Temperatures 10,000 Times Hotter Than Sun Remain Imprinted on Ancient Supernova Remnant

Jellyfish Nebula holds signature of initial stellar fireballs

Jellyfish Nebula
Suzaku detected X-rays produced when heavily ionized iron atoms recapture an electron. This view combines infrared images from the ground (red, green) with X-ray data from NASA's Chandra X-Ray Observatory (blue).JAXA/NASA/Suzaku, Tom Bash, John Fox/Adam Block/NOAO/AURA/NSF

A new type of supernova remnant still holds the embers of the fireball that first blossomed thousands of years ago. The remnant gas retains ions with the imprint of temperatures 10,000 times hotter than the sun's surface, according to scientists who made the observations with the Japan-U.S. Suzaku space observatory.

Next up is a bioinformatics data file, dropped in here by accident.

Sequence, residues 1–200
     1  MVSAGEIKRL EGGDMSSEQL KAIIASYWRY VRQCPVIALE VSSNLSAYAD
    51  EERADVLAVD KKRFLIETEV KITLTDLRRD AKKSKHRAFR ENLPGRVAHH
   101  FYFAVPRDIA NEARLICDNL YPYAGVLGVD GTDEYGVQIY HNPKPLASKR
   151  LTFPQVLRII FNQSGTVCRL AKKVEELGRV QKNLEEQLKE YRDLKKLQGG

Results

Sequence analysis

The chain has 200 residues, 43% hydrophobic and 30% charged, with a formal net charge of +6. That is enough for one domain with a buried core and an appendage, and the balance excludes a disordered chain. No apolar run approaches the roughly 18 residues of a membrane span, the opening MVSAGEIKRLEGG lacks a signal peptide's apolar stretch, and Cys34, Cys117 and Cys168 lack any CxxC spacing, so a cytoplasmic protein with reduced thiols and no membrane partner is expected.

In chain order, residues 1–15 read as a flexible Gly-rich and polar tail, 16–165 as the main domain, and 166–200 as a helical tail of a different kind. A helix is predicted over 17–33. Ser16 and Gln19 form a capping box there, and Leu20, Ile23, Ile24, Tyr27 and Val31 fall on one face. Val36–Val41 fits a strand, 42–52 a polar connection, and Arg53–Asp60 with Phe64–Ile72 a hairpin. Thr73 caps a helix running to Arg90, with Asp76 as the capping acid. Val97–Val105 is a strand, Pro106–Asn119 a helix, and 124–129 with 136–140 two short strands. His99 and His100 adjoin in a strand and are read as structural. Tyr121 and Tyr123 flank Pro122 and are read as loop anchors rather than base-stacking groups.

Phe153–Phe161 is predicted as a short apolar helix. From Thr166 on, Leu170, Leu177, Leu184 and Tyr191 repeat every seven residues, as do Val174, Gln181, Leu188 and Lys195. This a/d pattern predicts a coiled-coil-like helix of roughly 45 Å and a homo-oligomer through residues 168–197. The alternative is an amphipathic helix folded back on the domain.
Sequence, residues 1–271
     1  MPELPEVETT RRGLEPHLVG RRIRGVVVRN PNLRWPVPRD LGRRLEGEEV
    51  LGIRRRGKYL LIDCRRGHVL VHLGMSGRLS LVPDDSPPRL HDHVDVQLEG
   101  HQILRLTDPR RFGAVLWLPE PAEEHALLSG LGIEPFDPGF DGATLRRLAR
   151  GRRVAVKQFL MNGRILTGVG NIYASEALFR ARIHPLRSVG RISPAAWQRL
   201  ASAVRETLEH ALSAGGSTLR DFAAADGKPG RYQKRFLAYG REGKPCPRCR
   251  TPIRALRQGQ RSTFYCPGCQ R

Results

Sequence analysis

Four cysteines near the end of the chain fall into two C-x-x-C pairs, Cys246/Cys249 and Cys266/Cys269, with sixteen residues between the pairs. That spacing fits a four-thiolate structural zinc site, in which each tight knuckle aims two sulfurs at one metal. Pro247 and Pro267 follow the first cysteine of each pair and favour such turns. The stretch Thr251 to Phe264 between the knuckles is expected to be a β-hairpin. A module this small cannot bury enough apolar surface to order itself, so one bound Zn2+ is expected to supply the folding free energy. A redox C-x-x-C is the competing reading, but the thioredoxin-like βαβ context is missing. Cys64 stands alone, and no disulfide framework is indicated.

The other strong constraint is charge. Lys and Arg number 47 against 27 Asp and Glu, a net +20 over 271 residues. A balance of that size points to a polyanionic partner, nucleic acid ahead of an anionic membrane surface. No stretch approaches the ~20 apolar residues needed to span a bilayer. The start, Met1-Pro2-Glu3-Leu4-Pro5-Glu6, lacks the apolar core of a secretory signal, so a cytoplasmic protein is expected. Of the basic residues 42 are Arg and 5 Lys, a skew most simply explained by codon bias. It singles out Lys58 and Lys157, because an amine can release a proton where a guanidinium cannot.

A stellar explosion about 4,000 years ago caused a blast wave to travel through dense gas and dust surrounding a dying star. That heated some of the gas to temperatures as high as 100 million degrees F (55 million C). The expanding nebula of gas and dust gradually began to cool, but collisions between particles remain rare because of the extremely thin density -- about a single atom per volume of space the size of a sugar cube. That has allowed the hottest atoms or particles to remain in their respective states.

The astronomer team spotted the unusually hot specimens some 5,000 light-years away in the constellation Gemini, in a remnant known as the Jellyfish Nebula. That prompted some rather colorful descriptions of how Suzaku's X-ray instruments teased apart X-rays by energy, not unlike how a glass prism can separate light into all the colors of the rainbow.

"Suzaku sees the Jellyfish's hot heart," said Midori Ozawa, a member of the team at Kyoto University in Japan. At least it has a heart, unlike that pitiless T Pyxidis supernova that could wipe out life on Earth millions of years from now.